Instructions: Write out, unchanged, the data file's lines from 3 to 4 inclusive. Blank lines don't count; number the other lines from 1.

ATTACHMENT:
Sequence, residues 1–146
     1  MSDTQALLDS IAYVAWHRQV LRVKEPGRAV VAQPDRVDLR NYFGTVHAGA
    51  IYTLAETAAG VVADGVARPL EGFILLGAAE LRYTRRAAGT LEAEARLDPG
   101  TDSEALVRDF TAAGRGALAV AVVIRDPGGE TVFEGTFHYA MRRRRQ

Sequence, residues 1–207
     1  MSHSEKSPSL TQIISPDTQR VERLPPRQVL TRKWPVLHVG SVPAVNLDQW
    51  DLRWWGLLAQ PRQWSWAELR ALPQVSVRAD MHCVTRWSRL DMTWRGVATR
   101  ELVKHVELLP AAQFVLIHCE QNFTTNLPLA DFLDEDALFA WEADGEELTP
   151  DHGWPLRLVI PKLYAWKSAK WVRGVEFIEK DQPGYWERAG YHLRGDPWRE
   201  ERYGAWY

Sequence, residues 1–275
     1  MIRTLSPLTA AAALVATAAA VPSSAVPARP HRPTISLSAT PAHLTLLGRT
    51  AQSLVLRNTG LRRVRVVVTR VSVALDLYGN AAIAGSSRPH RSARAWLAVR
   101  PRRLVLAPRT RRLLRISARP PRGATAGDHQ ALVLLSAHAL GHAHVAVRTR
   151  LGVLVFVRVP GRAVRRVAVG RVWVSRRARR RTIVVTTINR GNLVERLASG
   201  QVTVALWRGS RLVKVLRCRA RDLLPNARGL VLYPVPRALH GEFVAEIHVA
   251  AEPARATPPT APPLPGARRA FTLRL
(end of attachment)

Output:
    51  IYTLAETAAG VVADGVARPL EGFILLGAAE LRYTRRAAGT LEAEARLDPG
   101  TDSEALVRDF TAAGRGALAV AVVIRDPGGE TVFEGTFHYA MRRRRQ